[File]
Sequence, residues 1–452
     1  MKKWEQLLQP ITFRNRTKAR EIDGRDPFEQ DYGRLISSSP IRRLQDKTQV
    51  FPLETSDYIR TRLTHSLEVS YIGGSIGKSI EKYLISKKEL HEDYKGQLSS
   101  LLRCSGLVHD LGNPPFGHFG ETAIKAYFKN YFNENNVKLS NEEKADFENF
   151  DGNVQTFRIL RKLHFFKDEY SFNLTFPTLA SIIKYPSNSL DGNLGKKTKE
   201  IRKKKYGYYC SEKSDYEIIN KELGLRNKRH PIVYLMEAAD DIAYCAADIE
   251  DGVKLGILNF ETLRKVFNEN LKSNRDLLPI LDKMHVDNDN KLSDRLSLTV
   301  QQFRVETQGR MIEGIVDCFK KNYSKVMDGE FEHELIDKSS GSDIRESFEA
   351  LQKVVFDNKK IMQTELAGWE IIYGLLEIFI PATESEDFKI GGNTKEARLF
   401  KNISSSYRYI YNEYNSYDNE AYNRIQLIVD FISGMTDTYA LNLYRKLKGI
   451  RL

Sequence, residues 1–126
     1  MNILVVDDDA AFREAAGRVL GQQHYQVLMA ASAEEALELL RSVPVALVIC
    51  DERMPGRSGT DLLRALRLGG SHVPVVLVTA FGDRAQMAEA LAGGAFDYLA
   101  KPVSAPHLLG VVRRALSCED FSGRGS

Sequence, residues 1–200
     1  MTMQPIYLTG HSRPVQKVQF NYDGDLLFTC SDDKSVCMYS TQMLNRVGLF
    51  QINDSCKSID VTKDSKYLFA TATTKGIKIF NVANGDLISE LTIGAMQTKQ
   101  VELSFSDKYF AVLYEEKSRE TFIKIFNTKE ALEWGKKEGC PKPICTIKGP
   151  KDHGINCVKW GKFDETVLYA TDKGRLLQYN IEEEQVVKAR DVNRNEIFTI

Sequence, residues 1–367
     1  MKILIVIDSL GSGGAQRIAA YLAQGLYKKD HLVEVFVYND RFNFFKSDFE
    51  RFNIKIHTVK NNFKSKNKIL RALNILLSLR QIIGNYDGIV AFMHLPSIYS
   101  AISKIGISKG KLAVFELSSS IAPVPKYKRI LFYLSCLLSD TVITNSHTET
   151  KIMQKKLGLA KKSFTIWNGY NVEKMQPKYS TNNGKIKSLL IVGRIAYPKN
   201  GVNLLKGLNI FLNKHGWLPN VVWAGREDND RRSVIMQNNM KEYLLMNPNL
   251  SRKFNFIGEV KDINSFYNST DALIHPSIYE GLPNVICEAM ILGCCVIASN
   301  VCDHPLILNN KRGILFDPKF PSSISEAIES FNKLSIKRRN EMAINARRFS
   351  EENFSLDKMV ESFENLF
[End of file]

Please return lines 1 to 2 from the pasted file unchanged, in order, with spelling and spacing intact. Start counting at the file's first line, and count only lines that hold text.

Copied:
Sequence, residues 1–452
     1  MKKWEQLLQP ITFRNRTKAR EIDGRDPFEQ DYGRLISSSP IRRLQDKTQV